Holiday Shopping For the Greater Good: Supporting Humanistic Retail Companies

By Brian Magee

For people looking to make holiday shopping decisions that include support for political, religious or social causes, it’s not as hard to do as you might think.

Credo Mobile, for example, has been getting attention for giving money toward humanitarian aid and marriage equality. “Our members and activist friends help us pick the groups each year and vote on how to distribute the donations among them,” the company’s website declares.

Dr. Bronner’s Magic All-One! is a company that sells organic, fair trade soaps, lotions and cleaning products. Their website states: “In total over the last five years, Dr. Bronner’s spending on social and environmental causes and charities has roughly matched our total after-tax income, and we intend to keep doing so as circumstances allow.”

Northern Sun is an online retailer that sells progressive-themed products, and they write that they support “local community radio, the Midwest Renewable Energy Association, the Institute for Justice and Democracy in Haiti, Women Against Military Madness, the Resource Center of the Americas  and others.”

Also, don’t forget, a company that sells all kinds of merchandise for atheists, agnostics, humanists, and freethinkers. Owners Rebecca Hale (AHA’s Vice President) and Gary Betchan are longtime supporters and leaders of the freethought movement. Ten percent of the sales completed through a special EvolveFish page goes to the American Humanist Association.

Ben & Jerry’s is a company that has a long-standing reputation for supporting a “progressive, nonpartisan social mission that seeks to meet human needs and eliminate injustices in our local, national and international communities by integrating these concerns into our day-to-day business activities. Our focus is on children and families, the environment and sustainable agriculture on family farms.” And who doesn’t love their Cherry Garcia?

It would be an odd gift, but if you want to pay for web hosting, you could consider ThinkHost. “It’s always been an important part of our company operations to actively support non-profit organizations and progressive companies in a multitude of areas: technology, humanitarian and environmental to name a few,” their website states. “We currently offer free and discounted hosting to non-profit community groups and progressive companies, plus other related services and options for fundraising.”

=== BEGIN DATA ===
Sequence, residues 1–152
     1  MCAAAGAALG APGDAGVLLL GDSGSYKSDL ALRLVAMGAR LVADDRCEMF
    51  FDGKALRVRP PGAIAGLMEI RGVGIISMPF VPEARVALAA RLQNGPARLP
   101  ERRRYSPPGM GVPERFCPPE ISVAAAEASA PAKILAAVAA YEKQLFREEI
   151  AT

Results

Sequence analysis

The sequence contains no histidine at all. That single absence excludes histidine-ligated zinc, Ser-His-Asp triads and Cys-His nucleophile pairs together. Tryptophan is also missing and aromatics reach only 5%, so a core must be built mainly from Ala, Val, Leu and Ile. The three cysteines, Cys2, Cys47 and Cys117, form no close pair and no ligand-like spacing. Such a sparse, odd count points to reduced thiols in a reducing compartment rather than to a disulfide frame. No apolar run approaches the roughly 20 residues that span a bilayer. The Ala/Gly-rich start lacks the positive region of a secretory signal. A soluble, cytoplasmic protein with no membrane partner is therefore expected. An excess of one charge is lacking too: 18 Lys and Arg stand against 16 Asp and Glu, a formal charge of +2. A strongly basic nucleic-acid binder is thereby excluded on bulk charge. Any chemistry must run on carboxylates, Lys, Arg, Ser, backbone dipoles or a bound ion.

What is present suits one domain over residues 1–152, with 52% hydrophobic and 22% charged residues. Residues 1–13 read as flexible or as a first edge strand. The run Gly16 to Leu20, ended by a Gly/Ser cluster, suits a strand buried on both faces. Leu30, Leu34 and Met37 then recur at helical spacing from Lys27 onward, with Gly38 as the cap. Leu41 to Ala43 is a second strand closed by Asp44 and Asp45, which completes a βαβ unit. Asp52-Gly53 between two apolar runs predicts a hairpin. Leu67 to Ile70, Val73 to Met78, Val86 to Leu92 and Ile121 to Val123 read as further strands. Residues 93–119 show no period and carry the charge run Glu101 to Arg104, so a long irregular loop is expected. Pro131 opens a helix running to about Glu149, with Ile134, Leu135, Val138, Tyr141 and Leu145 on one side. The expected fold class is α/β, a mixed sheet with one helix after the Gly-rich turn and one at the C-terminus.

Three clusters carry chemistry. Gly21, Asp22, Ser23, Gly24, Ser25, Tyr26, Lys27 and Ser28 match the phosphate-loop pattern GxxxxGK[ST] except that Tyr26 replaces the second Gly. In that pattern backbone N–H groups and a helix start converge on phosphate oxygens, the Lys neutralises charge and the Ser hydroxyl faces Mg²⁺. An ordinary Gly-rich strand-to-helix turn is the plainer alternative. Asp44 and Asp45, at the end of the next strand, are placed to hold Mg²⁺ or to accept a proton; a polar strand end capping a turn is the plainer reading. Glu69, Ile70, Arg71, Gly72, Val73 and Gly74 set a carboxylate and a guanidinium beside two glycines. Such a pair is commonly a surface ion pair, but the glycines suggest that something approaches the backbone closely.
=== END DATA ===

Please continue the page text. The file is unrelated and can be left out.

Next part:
There are choices for people looking to search existing databases of companies that have taken all kinds of progressive stands. The National Green Pages is “a directory featuring 3,000 businesses that have made firm commitments to sustainable, socially just principles, including the support of sweatshop-free labor, organic farms, fair trade, and cruelty-free products,” and The Human Rights Campaign Buyer’s Guide, says, “We hope to harness that power by providing you with the most accurate review of a business’s workplace policies toward LGBT employees.”

For those who want to get a bit more serious, you might want to plan where you will stop for lunch during a long day of shopping because there are the restaurant boycotts to consider. Denny’s, Applebees, Papa Johns, Dominos, Red Lobster, Olive Garden and Chick-fil-A are among the high profile targets that oppose marriage equality and other religiously conservative causes. But be sure to do a Google search before you leave because the situation is fluid and there are local boycotts to consider.

There are also direct calls to either patronize or boycott specific merchants. The Liberty Council is continuing their annual campaign to direct gift buyers on their purchases with their Naughty and Nice List. A company’s place on the list is determined by the level of Christmas terminology and symbols they can find. “The Naughty & Nice list is composed of companies that profit off of Christmas while pretending it does not exist (Naughty) and companies that acknowledge Christmas (Nice),” the website states.

There are also people who have attempted to warn you about fakers when it comes to luring you in with rhetoric and what companies pay for what kind of political ads and other political activities. There’s also the boycott list maintained at the Ethical Consumer website to consult. (Of course, you can use these lists to help you decide where to shop instead of places to avoid if you are of the opposing political persuasion.)

JCPenny has been declared off-limits to those who don’t support equal rights for the LGBT population because of their ads that feature Ellen DeGeneres.If you thought of giving the gift of Oreo cookies but don’t support gay rights, you could have a problem.

So maybe shopping with a conscious isn’t so easy after all! Please share your preferences in the comment section below, including if you shop with or without a cause.

Brian Magee is the communications associate for the American Humanist Association.